How Did Cold Weekend Affect Iowa's Emerging 2010 Corn Crop?

Frost nipped areas of northern Iowa and even dropped down into spots in central Iowa on Mother's Day weekend.

Published on: May 10, 2010

What are the concerns with young corn seedlings or corn that hasn't yet emerged from the ground where frost hit this past weekend? Brian Lang, an Iowa State University Extension field agronomist at Decorah in northeast Iowa offers the following answer and scouting guidelines.

1)  The already germinated corn is fine.  Growing points are below ground.  The most frost injury on emerged leaves will be mostly on no-till (heavy amount of crop residue covering the ground) and sandy soils (light soils retain less heat to insulate from temperature changes).

2)  The only potential concern with the corn is with the recently planted corn.  There is a chance that some of the recently planted corn may imbibe colder water in the germination process causing a chilling effect of the seeds.  This is explained in the May 5 ICM News article at:  www.extension.iastate.edu/CropNews/2010/0505elmoreabendroth.htm

Tips for scouting corn and soybeans at emergence

With crop emergence comes time for the first scouting pass, says Lang.  Check to see that planting operations were accomplished as planned, or is there need to make adjustments for next season?  You need to measure plant population, uniformity of planting depth and plant spacing.  Also, if you did not use a pre-emerge herbicide, start identifying weeds to target with the early-postemergence herbicide program. Also, the earliest emerged soybeans should be scouted for Bean Leaf Beetle as discussed at this time.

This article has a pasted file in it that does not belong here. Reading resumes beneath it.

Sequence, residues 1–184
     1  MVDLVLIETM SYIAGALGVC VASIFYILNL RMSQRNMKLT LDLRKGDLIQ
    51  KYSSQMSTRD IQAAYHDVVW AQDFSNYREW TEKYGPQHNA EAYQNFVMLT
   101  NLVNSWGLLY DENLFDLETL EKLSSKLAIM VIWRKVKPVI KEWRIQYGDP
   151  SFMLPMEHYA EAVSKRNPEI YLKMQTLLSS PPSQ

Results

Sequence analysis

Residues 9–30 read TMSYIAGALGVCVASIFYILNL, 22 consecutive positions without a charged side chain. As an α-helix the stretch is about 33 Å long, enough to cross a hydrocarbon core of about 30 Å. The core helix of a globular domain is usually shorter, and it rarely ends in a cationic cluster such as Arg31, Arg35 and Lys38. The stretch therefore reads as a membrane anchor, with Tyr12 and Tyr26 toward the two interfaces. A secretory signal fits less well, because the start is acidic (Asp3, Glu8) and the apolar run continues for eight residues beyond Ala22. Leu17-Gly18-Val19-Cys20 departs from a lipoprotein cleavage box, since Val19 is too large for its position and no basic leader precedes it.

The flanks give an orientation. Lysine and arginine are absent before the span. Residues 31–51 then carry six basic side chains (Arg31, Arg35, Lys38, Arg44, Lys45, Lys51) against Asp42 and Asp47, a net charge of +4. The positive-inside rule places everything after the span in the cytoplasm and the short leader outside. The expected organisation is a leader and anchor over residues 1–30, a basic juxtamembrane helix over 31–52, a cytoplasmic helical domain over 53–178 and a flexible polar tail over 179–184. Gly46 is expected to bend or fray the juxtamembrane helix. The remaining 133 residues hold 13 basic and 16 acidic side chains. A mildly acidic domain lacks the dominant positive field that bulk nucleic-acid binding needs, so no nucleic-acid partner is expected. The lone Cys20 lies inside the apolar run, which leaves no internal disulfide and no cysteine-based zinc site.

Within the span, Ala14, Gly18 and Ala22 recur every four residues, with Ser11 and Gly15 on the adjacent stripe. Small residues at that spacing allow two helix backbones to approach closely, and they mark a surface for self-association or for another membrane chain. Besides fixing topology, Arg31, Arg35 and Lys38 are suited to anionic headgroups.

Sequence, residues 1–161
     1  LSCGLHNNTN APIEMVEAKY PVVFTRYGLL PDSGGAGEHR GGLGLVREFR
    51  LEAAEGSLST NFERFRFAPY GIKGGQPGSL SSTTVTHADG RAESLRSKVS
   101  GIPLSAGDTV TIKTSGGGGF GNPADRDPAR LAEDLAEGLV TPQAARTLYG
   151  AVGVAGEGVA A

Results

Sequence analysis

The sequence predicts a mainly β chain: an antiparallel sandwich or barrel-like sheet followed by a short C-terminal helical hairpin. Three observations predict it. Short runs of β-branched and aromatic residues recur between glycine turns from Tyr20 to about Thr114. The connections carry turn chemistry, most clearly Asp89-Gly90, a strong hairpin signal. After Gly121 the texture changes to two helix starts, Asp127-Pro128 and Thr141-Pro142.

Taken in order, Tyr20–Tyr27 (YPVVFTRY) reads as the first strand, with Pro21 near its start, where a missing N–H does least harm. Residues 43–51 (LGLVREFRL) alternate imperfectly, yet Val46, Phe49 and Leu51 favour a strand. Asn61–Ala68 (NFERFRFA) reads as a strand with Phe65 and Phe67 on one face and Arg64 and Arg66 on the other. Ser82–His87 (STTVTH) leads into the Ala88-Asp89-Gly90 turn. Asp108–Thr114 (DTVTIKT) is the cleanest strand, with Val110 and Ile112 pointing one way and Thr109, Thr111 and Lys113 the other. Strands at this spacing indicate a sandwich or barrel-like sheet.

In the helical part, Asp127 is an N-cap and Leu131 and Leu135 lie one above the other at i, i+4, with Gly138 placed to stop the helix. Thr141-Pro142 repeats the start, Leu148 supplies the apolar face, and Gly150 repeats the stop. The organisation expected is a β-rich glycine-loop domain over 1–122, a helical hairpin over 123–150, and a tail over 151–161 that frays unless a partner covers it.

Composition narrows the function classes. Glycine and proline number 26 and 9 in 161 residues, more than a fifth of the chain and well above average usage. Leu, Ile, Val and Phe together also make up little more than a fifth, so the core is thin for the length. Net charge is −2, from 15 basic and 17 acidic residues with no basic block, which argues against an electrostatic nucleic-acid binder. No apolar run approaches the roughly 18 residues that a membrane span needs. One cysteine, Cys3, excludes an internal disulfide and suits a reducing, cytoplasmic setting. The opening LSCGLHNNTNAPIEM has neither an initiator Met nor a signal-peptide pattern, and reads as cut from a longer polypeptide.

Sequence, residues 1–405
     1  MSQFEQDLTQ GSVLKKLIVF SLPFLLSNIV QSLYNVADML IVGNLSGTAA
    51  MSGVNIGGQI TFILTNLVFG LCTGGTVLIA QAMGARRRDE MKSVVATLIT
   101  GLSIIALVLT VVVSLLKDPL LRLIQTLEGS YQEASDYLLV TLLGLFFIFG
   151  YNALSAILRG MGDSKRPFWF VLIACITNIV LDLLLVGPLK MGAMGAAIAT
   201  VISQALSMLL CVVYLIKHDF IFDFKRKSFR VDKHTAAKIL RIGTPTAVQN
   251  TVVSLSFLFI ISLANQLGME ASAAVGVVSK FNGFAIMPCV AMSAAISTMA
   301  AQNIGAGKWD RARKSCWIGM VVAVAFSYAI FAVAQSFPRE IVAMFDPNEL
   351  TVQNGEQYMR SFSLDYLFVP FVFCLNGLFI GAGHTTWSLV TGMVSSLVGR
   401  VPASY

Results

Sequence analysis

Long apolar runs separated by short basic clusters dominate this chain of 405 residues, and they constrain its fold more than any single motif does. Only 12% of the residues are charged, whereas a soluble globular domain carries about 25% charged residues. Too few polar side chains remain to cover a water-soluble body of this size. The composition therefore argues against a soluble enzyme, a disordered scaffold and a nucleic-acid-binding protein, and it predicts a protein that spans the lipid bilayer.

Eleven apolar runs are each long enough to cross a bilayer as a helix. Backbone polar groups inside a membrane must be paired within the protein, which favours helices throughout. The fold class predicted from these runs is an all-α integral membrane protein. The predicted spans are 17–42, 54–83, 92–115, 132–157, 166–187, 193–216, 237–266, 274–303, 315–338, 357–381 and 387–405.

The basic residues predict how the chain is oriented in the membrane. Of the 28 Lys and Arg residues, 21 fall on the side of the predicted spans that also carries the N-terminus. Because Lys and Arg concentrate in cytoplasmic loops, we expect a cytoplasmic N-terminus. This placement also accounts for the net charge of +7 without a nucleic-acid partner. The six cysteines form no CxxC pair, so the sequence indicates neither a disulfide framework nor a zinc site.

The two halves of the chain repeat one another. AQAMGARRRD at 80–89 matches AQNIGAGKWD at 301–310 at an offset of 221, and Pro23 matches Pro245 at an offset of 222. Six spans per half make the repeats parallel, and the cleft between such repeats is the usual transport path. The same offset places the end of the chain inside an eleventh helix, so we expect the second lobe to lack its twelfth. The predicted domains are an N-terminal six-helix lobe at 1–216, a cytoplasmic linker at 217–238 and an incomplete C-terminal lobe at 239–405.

Plant Population:  You have seen these tables before to estimate plant populations.  For corn use Table 4 on page 4 in the publication at:  www.extension.iastate.edu/Publications/PM1885.pdf

For soybeans, use Table 2 in the article at: extension.agron.iastate.edu/soybean/production_plantpopulation.html

Planting Depth:  For corn, check for uniformity of depth. The recommended seeding depth is about 1.75 inches. Planting depth should never be shallower than 1.5 inches. When the surface soil is dry, especially when planting has been delayed until mid- or late May, planting depth may need to be increased to 2 inches or more.

For soybeans, planting depth should be 1 to 1.5 inches and not deeper than 2 inches.  Palle Pedersen discusses this in the following publication:  extension.agron.iastate.edu/soybean/documents/PlantingDate.pdf

Plant Spacing:  Look for lack of uniformity in the stand. Too many deviations from normal may results in lower yields. The following article from the University of Wisconsin does a nice job of explaining what a standard deviation is (page 2), and also summarizes their research on factors influencing uniformity of corn stands   www.soils.wisc.edu/extension/wcmc/proceedings/5B.rankin.pdf

If you want to calculate the standard deviation of part of your corn stand, enter into the following web page the inch-spacings of 20 or so corn plants in a row and click "calculate".  www.easycalculation.com/statistics/standard-deviation.php. Do the same for as many corn rows and areas of the field that you care to.

Seedling Health:  While you check seeding depth, you can also evaluate seedling health. The May 4, 2010 ICM News article by Alison Robertson, ISU Extension Plant Pathologist, discusses this topic. Go to:  www.extension.iastate.edu/CropNews/2010/0504robertson.htm